Perhaps you're already well aware that Haruhiko Kuroda is the head of the Bank of Japan (BOJ), and a Ben Bernanke of sorts when it comes to bringing an aggressive, avant garde stance to Japan's monetary policy, especially with respect to crisis response and quantitative easing.

Last week markets read a lot into the fact that the BOJ didn't buy as many bonds as it had in the previous buying operation.  It was a reduction of $88mln (10 billion yen)--a very small amount in the big picture of central bank bond buying, but to some, a sign that Japan was thinking about shifting gears on its policy stance.

Overnight, Kuroda put that speculation to rest, saying it's not time to even discuss an exit from stimulus programs with inflation still nowhere close to 2%. 

While the announcement caused obvious volatility in Japanese markets, the US response was more measured.  Bonds were already in somewhat stronger territory after the BOJ's official policy announcement at 10:15pm ET.  When Kuroda's press conference began at 1:30am ET, the bulk of the overnight gains flooded in over the next hour.  Still, it's important to note that the buying didn't occur in one big spike.  This suggests some level of measured decision-making behind the rally as opposed to a pure reaction mechanism.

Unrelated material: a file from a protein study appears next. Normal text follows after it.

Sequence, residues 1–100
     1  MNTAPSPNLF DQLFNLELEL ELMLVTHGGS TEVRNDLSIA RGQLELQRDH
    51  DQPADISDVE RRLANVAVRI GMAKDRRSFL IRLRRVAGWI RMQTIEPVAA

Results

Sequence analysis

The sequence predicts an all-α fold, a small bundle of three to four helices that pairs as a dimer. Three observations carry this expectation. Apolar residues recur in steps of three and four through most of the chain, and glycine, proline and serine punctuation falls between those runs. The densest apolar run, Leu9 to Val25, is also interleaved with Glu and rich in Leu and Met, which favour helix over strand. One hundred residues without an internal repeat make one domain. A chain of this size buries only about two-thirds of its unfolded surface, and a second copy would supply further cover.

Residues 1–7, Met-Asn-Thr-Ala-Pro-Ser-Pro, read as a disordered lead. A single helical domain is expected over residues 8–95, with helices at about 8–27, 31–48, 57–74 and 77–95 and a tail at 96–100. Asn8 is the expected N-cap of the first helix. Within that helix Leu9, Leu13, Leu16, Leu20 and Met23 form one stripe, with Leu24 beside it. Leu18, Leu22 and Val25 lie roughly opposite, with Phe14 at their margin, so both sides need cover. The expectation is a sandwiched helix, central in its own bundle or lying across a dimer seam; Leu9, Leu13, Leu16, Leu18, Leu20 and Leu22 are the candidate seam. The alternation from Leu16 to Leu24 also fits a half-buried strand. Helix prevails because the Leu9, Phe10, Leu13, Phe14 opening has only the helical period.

Underlying motivations aside, bonds have some serious ground to cover if they hope to convince analysts and traders that a broader shift in momentum is possible.  The overnight rally has the potential to serve as the start of that process, but equal potential to stand as another periodic correction to the broader trend toward higher rates.  If we're to entertain something better than that, we'd need to see one of the pivot points convincingly broken in today's chart.

2018-1-23 open

There is no significant economic data on tap today.  While this week's Treasury auction cycle is somewhat more important than normal, today's 2yr auction is the least important among them.  That said, whereas I would typically not be interested in a 2yr auction at all, today's is at least worth a look because of the recent curve trading landscape.  In other words, much of the momentum in bonds has been driven by bets on the spread between longer and shorter term rates.  If the 2yr auction provides a strong comment on shorter term rates, it could affect the longer end (i.e. the stuff we care about) more than normal.  We're not talking about anything massive here, but perhaps enough to see a response.


MBS Pricing Snapshot
Pricing shown below is delayed, please note the timestamp at the bottom. Real time pricing is available via MBS Live.
MBS
FNMA 3.5
101-16 : +0-07
Treasuries
10 YR
2.6223 : -0.0407
Pricing as of 1/23/18 8:48AMEST

Tomorrow's Economic Calendar
Time Event Period Forecast Prior
Tuesday, Jan 23
13:00 2-Yr Note Auction (bl) 26